Job figure increases are welcome – but Government needs to be bolshy to grab the three things it needs for proper growth.

# read-mes - Sunday 15 December, 2013

Damien Kiberd: We recover part of our sovereignty - but banks still losing their senses

The target borrower for banks is often a high net worth individual living overseas: ordinary owner-occupiers can go and whistle.

# read-mes - Thursday 12 December, 2013

Column: Michael O'Leary turned Santa because he had to

Ryanair customers feeling the love – because social media has the power to make or break the business.

# read-mes - Tuesday 10 December, 2013

Column: The equality struggle didn’t end with Mandela’s prison release, it must continue

Mandela did not topple white rule single-handedly – nor did he ever claim to, writes David Cronin, who says that while he retains a deep admiration for Mandela, he did turn his back on some of his beliefs.

# read-mes - Sunday 8 December, 2013

Damien Kiberd: Forbes has Ireland all wrong

Ireland Inc. got the thumbs-up as the best place to do business. The glossy magazine headline hides a less attractive truth about tax, unemployment and Stalinist powers.

# read-mes - Sunday 1 December, 2013

Damien Kiberd: Reasons to be cheerful? Maybe - but cautious too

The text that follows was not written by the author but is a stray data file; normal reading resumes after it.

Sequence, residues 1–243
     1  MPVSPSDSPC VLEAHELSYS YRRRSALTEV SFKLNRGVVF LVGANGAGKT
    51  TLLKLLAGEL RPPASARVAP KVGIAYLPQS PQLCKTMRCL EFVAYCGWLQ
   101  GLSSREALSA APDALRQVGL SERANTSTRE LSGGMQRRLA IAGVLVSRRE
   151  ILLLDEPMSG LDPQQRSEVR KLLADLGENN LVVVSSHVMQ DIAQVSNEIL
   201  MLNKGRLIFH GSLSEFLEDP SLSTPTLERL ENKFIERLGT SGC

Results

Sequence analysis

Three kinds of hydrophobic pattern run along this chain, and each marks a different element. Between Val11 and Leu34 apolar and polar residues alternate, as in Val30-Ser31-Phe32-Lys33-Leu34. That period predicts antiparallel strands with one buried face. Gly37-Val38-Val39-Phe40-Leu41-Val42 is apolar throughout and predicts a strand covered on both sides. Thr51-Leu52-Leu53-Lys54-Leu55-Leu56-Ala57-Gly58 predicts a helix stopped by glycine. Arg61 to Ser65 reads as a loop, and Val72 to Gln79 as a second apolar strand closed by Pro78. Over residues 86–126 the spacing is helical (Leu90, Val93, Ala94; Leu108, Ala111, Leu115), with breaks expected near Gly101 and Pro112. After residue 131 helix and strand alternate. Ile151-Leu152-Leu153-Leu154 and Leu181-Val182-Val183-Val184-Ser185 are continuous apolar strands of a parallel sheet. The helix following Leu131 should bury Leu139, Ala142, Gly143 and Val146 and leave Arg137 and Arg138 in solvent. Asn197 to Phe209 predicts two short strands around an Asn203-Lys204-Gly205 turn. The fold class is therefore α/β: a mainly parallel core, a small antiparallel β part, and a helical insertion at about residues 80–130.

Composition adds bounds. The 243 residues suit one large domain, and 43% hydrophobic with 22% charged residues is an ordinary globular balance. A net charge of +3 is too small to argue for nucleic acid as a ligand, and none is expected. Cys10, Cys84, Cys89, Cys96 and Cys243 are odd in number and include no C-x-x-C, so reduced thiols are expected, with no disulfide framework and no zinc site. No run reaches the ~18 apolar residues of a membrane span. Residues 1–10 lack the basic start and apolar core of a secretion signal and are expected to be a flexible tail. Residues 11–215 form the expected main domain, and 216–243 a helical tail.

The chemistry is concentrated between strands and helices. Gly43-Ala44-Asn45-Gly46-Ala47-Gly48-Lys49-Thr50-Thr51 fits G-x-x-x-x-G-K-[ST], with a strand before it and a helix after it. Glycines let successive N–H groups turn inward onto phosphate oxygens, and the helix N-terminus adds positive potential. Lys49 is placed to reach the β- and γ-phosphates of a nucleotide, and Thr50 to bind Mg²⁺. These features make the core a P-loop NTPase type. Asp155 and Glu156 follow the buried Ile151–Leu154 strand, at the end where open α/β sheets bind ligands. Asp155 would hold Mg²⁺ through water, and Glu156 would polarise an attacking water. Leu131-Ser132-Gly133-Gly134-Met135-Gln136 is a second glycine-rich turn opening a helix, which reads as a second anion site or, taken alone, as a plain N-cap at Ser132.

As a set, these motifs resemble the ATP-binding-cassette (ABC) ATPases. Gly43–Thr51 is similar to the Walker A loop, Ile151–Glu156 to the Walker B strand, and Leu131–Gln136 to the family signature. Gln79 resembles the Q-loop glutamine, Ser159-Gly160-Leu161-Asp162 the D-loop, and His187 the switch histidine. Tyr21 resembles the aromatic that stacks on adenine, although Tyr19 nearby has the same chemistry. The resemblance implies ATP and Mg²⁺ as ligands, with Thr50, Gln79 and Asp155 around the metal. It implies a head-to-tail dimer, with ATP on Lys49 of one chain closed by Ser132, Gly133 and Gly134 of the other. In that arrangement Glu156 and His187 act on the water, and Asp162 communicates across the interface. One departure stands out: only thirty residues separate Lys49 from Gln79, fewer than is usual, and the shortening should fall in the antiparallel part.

Should we be optimistic or pessimistic? Doing the hokey cokey or pleading poverty at the back door of the Bundesbank?

# read-mes - Thursday 28 November, 2013

Column: Calling time on multinational imperialism

With employment figures finally on the up and job announcements by the likes of Microsoft making the headlines, it is time to start cheerleading our thriving start-up sector, writes Paul Allen.

# read-mes - Sunday 24 November, 2013

Damien Kiberd: 'Top-up' payments part of a game whose rules need to change

“The model of social partnership promoted since 1987 relies for its internal cohesion on permitting people at various levels within the system to milk that system for their own benefit.”

# read-mes - Friday 22 November, 2013

Nick Leeson: Positive talk sounds hollow in the corridors of power

Talking up the state of the economy got us into this mess in the first place – but things are not looking up for the average man and woman.

# read-mes - Sunday 17 November, 2013

Damien Kiberd: Why we need to deliver an Irish version of the NHS

Two million Irish people pay for private health cover out of fear of our public system – but both are broken. Here’s what we COULD do…

# read-mes - Thursday 7 November, 2013

Column: 'Facts invalidate Emer Costello's anecdotes about Gaza'

Israeli ambassador to Ireland responds to Irish MEP’s statements about Israeli policy.

# read-mes - Sunday 3 November, 2013

Damien Kiberd: Jihad against Junior Cert is bizarre

Rather than tackle these rather basic issues of numeracy and literacy, we are meddling with exam systems which may not be a problem at all.

# read-mes - Sunday 27 October, 2013

Damien Kiberd: If Enda wants cash from his EU mates, he needs to stop ticking the boxes

Taoiseach Kenny wrote a letter to 26 EU heads about their 2012 “commitment” to give Ireland special treatment – but they don’t care for wimpish reminders.

# read-mes - Saturday 26 October, 2013

Phil Prendergast: As a mother, I felt physically sick over Roma children mistakes